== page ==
Page last updated at 16:44 GMT, Wednesday, 7 April 2010 17:44 UK

Pensioner to sell home to pay scooter accident costs


Gloria Brown says she will have to sell her home to pay the court costs

A disabled pensioner claims she and her family are on the verge of losing their home following an accident involving a mobility scooter at a supermarket.

Gloria Brown, 61, from Rhyl, Denbighshire, said a scooter collided with hers, injuring a staff member at the town's Morrisons store in 2005.

A county court hearing later found her liable and she was ordered to pay costs and compensation of more than £16,000.

Morrisons declined to comment, saying legal proceedings were ongoing.

Mrs Brown said her scooter was stationary in December 2005 when a customer using a scooter provided by Morrisons collided with hers, sending her crashing into a trolley being used by a member of staff.

The female worker suffered an injury to her knee.

Every other disabled person that needs this mode of transport is in danger of having the same thing happen to them
Gloria Brown

Four months later, Ms Brown was told she was being taken to court by the injured woman.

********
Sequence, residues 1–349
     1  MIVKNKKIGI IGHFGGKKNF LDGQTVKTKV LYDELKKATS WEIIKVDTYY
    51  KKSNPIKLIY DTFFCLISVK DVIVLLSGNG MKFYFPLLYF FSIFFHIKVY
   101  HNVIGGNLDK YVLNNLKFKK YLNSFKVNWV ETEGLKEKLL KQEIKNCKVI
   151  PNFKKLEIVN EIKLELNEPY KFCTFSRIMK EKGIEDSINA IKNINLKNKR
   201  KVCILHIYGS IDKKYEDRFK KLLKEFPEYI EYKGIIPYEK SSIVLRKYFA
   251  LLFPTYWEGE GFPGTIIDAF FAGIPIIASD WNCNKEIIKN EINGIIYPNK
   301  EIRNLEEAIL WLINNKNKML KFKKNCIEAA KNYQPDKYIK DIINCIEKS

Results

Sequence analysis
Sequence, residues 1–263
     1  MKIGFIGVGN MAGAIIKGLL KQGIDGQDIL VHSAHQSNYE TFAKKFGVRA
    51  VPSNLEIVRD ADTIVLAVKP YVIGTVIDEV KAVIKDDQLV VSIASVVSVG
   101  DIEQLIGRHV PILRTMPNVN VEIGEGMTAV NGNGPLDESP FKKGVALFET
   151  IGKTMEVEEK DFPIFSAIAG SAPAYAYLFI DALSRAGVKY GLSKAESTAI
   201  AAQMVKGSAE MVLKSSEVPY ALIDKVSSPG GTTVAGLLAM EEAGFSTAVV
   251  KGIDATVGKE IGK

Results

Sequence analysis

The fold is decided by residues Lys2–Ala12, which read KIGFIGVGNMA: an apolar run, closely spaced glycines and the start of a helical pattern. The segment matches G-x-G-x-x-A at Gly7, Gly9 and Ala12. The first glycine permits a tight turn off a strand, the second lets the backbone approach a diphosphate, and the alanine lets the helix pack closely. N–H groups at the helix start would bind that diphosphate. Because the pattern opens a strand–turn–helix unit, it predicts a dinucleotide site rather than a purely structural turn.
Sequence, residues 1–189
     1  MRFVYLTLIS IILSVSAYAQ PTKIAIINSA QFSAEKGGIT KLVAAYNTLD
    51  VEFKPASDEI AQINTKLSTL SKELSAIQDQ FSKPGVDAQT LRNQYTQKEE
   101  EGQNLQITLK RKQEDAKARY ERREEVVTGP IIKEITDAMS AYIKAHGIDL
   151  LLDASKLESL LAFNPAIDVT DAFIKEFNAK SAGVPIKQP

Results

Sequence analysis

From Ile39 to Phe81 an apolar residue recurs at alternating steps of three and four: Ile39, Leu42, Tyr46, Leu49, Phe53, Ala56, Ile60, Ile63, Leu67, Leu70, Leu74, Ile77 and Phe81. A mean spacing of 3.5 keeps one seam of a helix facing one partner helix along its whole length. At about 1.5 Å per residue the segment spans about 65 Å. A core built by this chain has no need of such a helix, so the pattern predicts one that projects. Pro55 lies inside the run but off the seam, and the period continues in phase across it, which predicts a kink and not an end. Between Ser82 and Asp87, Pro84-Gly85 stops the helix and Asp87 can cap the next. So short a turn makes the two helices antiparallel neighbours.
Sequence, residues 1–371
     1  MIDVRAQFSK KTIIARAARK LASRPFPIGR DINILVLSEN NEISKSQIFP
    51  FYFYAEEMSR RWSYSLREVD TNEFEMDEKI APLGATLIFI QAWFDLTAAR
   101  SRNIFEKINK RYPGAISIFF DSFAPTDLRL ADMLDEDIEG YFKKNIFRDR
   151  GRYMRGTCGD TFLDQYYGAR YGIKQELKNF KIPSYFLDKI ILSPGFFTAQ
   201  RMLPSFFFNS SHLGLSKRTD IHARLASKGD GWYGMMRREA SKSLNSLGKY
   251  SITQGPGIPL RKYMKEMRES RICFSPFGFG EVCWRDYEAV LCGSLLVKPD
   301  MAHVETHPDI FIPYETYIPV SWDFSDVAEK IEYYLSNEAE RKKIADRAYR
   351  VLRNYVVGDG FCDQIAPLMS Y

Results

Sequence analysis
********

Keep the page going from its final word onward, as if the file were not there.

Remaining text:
In January, the county court found her liable and ordered her to pay compensation and legal costs of more than £16,000, which included about £3,000 towards Morrisons' costs.

Ms Brown said she could not afford legal representation at the time.

An offer to pay off the debt on a monthly basis was rejected, she said, because she was told her age made it likely she would die before the money was paid.

She added that she had tried to get scooter insurance in the past, but was told it was only provided by specialist companies.

She has now agreed to the sale of her home in order to meet the costs she faces and says the sale will be completed this month.

A hearing to address how she should pay the legal bill is set for 18 May.

'Let down'

Ms Brown said she, and her husband and daughter, could not afford to buy another property.

"The way I've been treated by the system, I feel I've been let down as a disabled person," she said.

"But I also feel that every other disabled person that needs this mode of transport is in danger of having the same thing happen to them.

"And laws need to be changed to help people like myself that do want to be independent, do want to go shopping and not rely on anybody."

Ms Brown, whose medical problems include osteoarthritis, still uses a mobility scooter but no longer goes into shops with it.

She said her situation has had a massive impact on her life, adding: "It's just destroyed us as a family."

The solicitor representing the injured worker has yet to comment.

The case emerged as the House of Commons' transport select committee called on ministers to keep a better record of accidents involving mobility vehicles.

The committee of MPs had heard about a blind man who drove a scooter across a road and was hit by a bus and a lady who was pulled over by her dog and killed when her scooter fell on her.

The committee says the increasing use of scooters means the government needs to assess the scale of the problem and act.

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